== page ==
Bamieh v EULEX (Kosovo) and others UKEAT/0268/16
If workers makes whistleblowing claims they have the right not to be subjected to a detriment either by their employer or co-workers. Employment tribunal claims can be brought against the employer or their workers. In this case the issue was that the co-workers were seconded overseas by a UK employer. The tribunal had to consider whether it had jurisdiction to hear the case by considering the territorial effect of the legislation which has been the subject of various cases. This included whether the connection between the worker’s employment and Great Britain and with British employment law was sufficiently strong for an employee to have a claim in Great Britain.
Ms Bamieh was employed by the Foreign and Commonwealth Office (FCO) under a series of annual fixed-term contracts governed by English law. Under them she was seconded to EULEX in Kosovo, an entity set up by the EU to assist with the country achieving self-government following the war in the Balkans. Under her secondment she remained under the authority of the FCO. When her last contract was not renewed she believed that this was because she had made some protected disclosures. She brought employment claims against the FCO and also against two of its employees who she alleged had personally subjected her to detriments. She also brought claims against EULEX and its Head of Mission.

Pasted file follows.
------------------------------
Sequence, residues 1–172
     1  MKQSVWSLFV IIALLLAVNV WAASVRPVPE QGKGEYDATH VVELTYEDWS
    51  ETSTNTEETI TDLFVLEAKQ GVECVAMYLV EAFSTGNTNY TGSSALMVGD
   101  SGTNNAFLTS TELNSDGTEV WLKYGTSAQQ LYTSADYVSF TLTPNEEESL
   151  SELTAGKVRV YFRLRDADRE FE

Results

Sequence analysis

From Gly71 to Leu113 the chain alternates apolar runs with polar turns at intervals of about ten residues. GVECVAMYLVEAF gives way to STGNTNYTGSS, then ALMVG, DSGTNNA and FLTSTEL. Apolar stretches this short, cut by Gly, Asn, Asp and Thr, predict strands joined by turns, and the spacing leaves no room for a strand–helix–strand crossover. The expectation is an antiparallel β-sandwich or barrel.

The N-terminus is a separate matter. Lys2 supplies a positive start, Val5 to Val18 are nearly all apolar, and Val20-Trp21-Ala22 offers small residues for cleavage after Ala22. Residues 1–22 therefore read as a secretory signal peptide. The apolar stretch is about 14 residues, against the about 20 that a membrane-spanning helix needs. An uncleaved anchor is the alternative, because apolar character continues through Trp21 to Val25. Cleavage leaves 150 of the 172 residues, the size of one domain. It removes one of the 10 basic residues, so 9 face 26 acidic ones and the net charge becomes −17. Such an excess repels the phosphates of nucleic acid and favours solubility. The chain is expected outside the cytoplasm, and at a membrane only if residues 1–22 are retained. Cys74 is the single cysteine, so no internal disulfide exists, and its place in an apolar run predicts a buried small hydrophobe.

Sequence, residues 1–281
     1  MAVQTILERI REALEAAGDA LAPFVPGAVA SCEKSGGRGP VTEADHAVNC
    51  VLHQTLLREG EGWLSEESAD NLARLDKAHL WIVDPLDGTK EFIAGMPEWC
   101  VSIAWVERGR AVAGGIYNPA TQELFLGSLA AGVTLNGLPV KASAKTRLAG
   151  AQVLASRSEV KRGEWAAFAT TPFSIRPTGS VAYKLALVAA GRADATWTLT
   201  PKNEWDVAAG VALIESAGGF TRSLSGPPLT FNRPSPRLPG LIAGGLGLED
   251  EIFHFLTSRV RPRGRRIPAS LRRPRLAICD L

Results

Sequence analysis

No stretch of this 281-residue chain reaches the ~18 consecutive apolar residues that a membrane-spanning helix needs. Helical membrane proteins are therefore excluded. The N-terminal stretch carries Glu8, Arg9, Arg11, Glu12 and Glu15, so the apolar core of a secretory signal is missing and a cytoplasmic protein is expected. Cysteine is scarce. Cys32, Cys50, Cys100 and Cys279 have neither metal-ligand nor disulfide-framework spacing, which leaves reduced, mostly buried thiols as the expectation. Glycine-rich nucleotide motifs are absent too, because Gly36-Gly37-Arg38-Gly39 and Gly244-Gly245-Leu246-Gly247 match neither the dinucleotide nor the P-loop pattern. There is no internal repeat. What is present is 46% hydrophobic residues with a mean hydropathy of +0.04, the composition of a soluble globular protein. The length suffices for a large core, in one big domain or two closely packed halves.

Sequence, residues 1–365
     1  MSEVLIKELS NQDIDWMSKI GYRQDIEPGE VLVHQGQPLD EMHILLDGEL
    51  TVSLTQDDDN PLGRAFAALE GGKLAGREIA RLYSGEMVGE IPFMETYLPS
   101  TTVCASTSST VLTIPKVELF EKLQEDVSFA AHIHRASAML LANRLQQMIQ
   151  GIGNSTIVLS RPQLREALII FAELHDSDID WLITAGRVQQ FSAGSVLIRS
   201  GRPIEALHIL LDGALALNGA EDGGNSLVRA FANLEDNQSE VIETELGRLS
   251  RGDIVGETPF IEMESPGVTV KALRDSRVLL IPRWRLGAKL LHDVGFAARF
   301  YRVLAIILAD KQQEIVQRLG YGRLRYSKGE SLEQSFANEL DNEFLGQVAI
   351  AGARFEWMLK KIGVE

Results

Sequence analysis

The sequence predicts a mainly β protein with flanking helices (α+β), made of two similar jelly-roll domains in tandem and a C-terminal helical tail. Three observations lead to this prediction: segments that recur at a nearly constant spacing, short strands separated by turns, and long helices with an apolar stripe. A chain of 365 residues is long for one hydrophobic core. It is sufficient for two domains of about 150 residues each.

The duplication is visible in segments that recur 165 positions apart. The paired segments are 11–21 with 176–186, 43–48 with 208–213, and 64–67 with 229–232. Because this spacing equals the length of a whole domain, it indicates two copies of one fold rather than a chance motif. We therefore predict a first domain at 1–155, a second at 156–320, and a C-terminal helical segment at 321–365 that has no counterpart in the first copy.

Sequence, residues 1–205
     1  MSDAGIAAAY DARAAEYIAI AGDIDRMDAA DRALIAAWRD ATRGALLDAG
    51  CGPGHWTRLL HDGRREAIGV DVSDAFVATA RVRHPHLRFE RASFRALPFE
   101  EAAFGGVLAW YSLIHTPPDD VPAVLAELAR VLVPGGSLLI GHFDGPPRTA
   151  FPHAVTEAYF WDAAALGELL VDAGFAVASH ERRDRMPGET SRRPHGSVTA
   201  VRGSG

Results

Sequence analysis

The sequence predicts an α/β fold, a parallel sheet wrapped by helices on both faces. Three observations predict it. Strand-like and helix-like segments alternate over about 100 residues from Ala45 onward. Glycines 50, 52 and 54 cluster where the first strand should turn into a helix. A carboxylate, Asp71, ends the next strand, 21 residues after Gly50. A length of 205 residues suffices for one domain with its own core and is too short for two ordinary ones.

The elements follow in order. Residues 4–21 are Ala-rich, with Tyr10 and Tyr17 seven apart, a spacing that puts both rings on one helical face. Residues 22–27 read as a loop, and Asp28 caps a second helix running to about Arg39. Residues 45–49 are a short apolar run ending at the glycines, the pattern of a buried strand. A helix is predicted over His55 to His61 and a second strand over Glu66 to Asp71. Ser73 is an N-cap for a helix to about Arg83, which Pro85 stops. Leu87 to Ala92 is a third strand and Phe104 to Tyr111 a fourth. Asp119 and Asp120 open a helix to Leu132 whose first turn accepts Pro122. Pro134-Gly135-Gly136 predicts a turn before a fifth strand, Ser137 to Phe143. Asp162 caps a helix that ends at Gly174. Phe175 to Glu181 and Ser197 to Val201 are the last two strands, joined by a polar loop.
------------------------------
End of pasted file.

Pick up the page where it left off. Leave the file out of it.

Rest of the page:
An employment judge held at a preliminary hearing that a tribunal only had jurisdiction to hear the claim against Ms Bamieh’s employer, the FCO. Neither EULEX nor its Head of Mission acted as agents of the FCO so were not liable and the FCO employees were not domiciled in the UK or based there for work purposes and in the judge’s view the “stronger connections” test for territorial jurisdiction only applies to claimants and not respondents.
Ms Bamieh appealed to the EAT which dismissed the appeal against EULEX and its Head of Mission but allowed the appeal against the FCO employees. Although they were not based in Great Britain they had a sufficiently strong connection with Great Britain and British employment law because they were working under contracts with the UK Government, retained their British citizenship and passports and their contracts were governed by English law. Matters of discipline and dismissal were all within the FCO’s control.
However the EAT did agree with the employment tribunal that EULEX could not be sued as it did not have legal personality and even if it did it was based only in Kosovo and so outside the jurisdiction of British tribunals. Neither it, nor the Head of Mission was Ms Bamieh’s employer. He was also personally outside of territorial scope as he was an Italian with no links to Great Britain or British employment law.
What to take away
This case has extended the territorial jurisdiction test in Lawson v Serco  UKHL 3 to include individual, and not just corporate employer, respondents if they have sufficient connections to Great Britain in the same way as assessing whether a claimant worker based abroad comes within scope.